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Buckhead's Loudermilk to step down as Aaron's board chair
by Staff Reports
August 28, 2012 07:47 PM | 1084 views | 0 0 comments | 18 18 recommendations | email to a friend | print
In a news release posted to its website Monday, Aaron’s Inc. a Buckhead-based lease-to-own retailer, announced board chair R. Charles Loudermilk Sr. will retire in mid-September after founding and building the company, which specializes in the sales and lease ownership of residential furniture, consumer electronics, home appliances and accessories. Upon his retirement, Loudermilk will become the company’s chair emeritus.

“I started Aaron’s in 1955 renting chairs for 10 cents apiece,” Loudermilk said. "I never dreamed that Aaron’s would grow into a publicly traded company employing more than 11,000 people and serving millions of Americans. I have given my heart and soul to this company over the past 57 years, and I’m truly proud of everything it has become. Though it was one of the most difficult decisions I have ever made, the time has come for me to leave the Company and focus on personal endeavors that bring me joy. I am deeply indebted to the entire Aaron’s family for their ongoing love and support. I’m thrilled to be retiring with the confidence that Aaron’s will carry on its legacy of community, quality and superior service."

Ray M. Robinson, lead director of Aaron’s board, said, “Few can enter retirement with Charlie Loudermilk’s history of excellence. He has achieved tremendous business success, served his community as a great civic leader and above all, he has been a loving father and grandfather. He leaves incredibly large shoes to fill, but we want Charlie to know that the Aaron’s leadership team will continue to grow and build the Company that Charlie committed himself to throughout the years.”

Ronald W. Allen, CEO and President added, "Charlie’s impact can genuinely be felt coast to coast. Not only has he built a Company that offers exceptional service to more than 1.5 million customers at nearly 2,000 stores across North America, but he has provided jobs to thousands of people and aided thousands more through his many philanthropic efforts. He is truly one of the nation’s great success stories while never forgetting his roots. Now at 85, he can devote his full energies on what he loves most – spending time with family. We are profoundly grateful for everything he has done for his community and Aaron’s, and we wish him the very best in retirement."

Loudermilk and a partner founded Aaron Rents in 1955 after borrowing $500 to purchase folding chairs and renting them for 10 cents a day to auction houses. The company was renamed Aaron’s Inc. in 2009. Though Aaron’s started in Atlanta, it now has more than 1,985 company-operated and franchised stores in the U.S. and Canada.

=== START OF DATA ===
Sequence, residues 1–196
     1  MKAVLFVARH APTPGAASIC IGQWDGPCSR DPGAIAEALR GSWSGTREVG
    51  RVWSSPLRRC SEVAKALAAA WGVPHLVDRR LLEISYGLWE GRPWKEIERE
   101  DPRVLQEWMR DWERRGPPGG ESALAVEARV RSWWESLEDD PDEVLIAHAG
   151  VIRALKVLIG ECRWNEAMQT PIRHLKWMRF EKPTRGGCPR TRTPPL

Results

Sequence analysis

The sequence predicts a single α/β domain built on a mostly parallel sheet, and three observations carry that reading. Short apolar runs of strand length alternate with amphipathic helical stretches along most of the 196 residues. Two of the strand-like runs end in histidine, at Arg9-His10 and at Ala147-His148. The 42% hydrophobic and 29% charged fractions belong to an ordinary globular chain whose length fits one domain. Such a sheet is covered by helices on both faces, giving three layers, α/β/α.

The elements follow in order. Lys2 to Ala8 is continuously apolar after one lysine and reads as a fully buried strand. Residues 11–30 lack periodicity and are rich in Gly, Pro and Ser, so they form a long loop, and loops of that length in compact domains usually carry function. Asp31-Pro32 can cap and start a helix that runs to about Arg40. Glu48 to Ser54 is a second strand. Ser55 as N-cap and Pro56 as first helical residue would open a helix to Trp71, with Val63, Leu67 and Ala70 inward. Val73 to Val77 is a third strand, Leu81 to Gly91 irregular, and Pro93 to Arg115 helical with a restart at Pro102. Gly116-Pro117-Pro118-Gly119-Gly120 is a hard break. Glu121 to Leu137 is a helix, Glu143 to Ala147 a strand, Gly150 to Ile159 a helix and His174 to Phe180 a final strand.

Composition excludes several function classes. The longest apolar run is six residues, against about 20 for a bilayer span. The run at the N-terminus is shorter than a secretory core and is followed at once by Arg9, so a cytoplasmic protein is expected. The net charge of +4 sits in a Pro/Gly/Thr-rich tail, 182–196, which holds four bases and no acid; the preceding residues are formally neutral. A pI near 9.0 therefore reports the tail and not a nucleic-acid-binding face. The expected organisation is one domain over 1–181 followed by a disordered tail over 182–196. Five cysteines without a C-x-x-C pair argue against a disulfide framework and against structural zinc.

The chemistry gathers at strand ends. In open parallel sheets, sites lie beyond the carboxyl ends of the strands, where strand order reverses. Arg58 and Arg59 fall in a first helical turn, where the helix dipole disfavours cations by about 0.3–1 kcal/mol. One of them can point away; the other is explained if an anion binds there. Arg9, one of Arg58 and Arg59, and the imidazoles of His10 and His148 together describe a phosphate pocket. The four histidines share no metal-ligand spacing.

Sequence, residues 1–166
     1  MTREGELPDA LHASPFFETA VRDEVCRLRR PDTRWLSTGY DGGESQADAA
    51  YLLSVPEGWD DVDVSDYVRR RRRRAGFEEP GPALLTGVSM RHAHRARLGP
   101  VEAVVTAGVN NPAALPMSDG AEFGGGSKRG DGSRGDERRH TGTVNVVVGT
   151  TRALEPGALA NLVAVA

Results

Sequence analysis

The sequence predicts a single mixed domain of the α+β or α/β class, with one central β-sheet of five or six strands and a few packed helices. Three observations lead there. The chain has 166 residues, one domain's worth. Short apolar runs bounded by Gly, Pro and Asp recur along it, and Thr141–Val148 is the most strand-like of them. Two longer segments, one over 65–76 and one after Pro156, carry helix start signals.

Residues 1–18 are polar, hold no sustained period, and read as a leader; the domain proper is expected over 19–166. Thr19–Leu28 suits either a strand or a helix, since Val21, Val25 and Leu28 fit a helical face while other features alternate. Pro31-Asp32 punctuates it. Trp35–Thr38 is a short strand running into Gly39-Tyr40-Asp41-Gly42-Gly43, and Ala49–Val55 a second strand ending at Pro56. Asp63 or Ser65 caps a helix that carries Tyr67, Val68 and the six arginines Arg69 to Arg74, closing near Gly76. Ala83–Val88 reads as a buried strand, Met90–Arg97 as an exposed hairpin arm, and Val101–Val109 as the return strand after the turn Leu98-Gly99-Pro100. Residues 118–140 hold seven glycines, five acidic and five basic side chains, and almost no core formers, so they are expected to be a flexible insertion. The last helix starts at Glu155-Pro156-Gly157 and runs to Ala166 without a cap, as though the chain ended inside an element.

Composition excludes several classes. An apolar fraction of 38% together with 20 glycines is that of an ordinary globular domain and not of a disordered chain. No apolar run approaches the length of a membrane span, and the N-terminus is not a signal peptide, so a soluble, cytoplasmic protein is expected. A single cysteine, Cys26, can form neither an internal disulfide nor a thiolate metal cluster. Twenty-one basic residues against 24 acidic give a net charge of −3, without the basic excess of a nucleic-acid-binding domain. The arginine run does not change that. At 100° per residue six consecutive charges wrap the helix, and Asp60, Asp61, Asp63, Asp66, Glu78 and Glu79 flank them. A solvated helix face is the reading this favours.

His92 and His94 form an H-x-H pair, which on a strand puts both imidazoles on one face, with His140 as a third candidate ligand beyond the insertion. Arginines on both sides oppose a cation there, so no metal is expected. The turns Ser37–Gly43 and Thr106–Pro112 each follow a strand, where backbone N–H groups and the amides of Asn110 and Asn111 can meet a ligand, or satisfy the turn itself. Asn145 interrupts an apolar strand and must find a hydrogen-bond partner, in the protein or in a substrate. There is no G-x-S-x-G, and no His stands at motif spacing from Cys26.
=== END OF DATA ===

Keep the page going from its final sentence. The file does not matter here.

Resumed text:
In 2011, Loudermilk was presented with the prestigious Four Pillar Tribute award by the Council for Quality Growth. The Atlanta City Council voted to change the name of Buckhead Triangle Park to Charlie Loudermilk Park in 2009 in honor of his contributions to economic development in Buckhead. In 2008, Loudermilk was awarded the Association of Progressive Rental Organization’s 2008 Lifetime Achievement Award and was named the Business to Business 2008 Philanthropist of the Year.

Loudermilk also worked with the United Way of Metropolitan Atlanta, leading the development effort of The Loudermilk Center, downtown Atlanta’s premier meeting and events venue for nonprofit organizations, civic groups and the business community. He served as Chairman of the campaign supporting Andrew Young for mayor and also as Chairman of the MARTA board for two years.

Loudermilk has donated more than $18 million to local charities and causes, including $1 million to the Atlanta Police Foundation this year. He has given donations totaling more than $7 million to his alma mater, the University of North Carolina, and $3 million to the Archbold Medical Center in Thomasville. Other gifts include $4 million to The Lovett School in Atlanta, $1 million to Piedmont College in Demorest and $1 million to Georgia State University’s Football Program. Loudermilk also has acquired three homes on 15 acres for homeless children in Demorest, named Jacob’s Ladder, in tribute to his father, Jake Loudermilk, and donated $1 million for a statue of Andrew Young which is located in downtown Atlanta.

Loudermilk's departure comes nearly a year after his son Robin stepped down as president and CEO. Robin Loudermilk resigned in November, citing health, personal and family reasons.
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